Divan; 3 Definition(s)
Divan means something in Hinduism, Sanskrit, the history of ancient India. If you want to know the exact meaning, history, etymology or English translation of this term then check out the descriptions on this page. Add your comment or reference to a book if you want to contribute to this summary article.
India history and geogprahy
Dīvān.—(BL), the chief administrator or finance minister; see Dīwān, Dīwānjī. Note: dīvān is defined in the “Indian epigraphical glossary” as it can be found on ancient inscriptions commonly written in Sanskrit, Prakrit or Dravidian languages.Source: Cologne Digital Sanskrit Dictionaries: Indian Epigraphical Glossary
The history of India traces the identification of countries, villages, towns and other regions of India, as well as royal dynasties, rulers, tribes, local festivities and traditions and regional languages. Ancient India enjoyed religious freedom and encourages the path of Dharma, a concept common to Buddhism, Hinduism, and Jainism.
Languages of India and abroad
Divan (दिवन्).—n. The heaven. -m. A day.Source: DDSA: The practical Sanskrit-English dictionary
(-vā) A day. E. div to play, Unadi affix kanin .Source: Cologne Digital Sanskrit Dictionaries: Shabda-Sagara Sanskrit-English Dictionary
Sanskrit, also spelled संस्कृतम् (saṃskṛtam), is an ancient language of India commonly seen as the grandmother of the Indo-European language family. Closely allied with Prakrit and Pali, Sanskrit is more exhaustive in both grammar and terms and has the most extensive collection of literature in the world, greatly surpassing its sister-languages Greek and Latin.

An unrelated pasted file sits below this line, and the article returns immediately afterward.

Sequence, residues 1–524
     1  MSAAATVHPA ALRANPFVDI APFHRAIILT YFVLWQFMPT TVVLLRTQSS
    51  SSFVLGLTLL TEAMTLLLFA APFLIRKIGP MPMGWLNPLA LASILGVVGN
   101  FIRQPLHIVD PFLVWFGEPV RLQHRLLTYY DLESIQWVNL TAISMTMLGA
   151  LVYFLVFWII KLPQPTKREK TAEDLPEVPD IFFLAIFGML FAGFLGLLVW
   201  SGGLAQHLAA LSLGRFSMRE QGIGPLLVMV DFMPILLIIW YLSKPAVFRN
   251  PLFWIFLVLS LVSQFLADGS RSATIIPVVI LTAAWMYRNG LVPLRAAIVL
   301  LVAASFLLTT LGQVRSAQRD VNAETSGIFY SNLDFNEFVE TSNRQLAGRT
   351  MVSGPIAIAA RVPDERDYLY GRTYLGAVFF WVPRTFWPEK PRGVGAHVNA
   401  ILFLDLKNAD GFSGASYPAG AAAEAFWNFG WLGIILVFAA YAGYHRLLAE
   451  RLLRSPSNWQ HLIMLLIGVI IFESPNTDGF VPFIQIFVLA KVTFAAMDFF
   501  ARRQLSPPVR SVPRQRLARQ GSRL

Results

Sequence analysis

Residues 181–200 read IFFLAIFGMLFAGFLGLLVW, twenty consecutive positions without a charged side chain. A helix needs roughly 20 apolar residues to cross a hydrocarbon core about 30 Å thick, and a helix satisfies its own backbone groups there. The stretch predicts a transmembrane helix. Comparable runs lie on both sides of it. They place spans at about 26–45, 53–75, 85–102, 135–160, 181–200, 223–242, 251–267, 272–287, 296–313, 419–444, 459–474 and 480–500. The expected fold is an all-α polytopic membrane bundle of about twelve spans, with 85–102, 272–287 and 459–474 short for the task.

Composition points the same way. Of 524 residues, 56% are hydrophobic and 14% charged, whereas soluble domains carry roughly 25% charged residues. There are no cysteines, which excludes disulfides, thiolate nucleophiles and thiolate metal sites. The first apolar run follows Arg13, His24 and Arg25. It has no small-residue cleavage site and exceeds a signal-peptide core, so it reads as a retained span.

Starts with: Divana, Divanaasami, Divanacavadi, Divanadarabara, Divanadasta, Divanaduyama, Divanagiri, Divanaji, Divanakta, Divandha, Divandhaki, Divandhika, Divanem, Divani, Divani Adalata, Divani Jhampa, Divani Vishaya, Divanisha, Divanisham, Divankasa.
Search found 13 books and stories containing Divan, Dīvān; (plurals include: Divans, Dīvāns). You can also click to the full overview containing English textual excerpts. Below are direct links for the most relevant articles:
Vinaya Pitaka (2): Bhikkhuni-vibhanga (the analysis of Nun’ rules) (by I. B. Horner)
Vinaya (3): The Cullavagga (by T. W. Rhys Davids)
Cullavagga, Khandaka 10, Chapter 27 < [Khandaka 10 - On the Duties of Bhikkhunis]
Cullavagga, Khandaka 5, Chapter 19 < [Khandaka 5 - On the Daily Life of the Bhikkhus]
Cullavagga, Khandaka 6, Chapter 14 < [Khandaka 6 - On Dwellings and Furniture]
Vinaya Pitaka (3): Khandhaka (by I. B. Horner)
Rejection of high and broad seats < [5. Leather (Camma)]
Third recitation section < [20. Nuns (Bhikkhunī)]
Third recitation section < [16. Lodgings (Sayanāsana)]
The civilization of Babylonia and Assyria (by Morris Jastrow)
The Jataka tales [English], Volume 1-6 (by Robert Chalmers)
Jataka 240: Mahāpiṅgala-jātaka < [Book II - Dukanipāta]
Jataka 440: Kaṇha-jātaka < [Volume 4]
Jataka 281: Abbhantara-jātaka < [Book III - Tika-Nipāta]
Introducing Buddhist Abhidhamma (by Kyaw Min, U)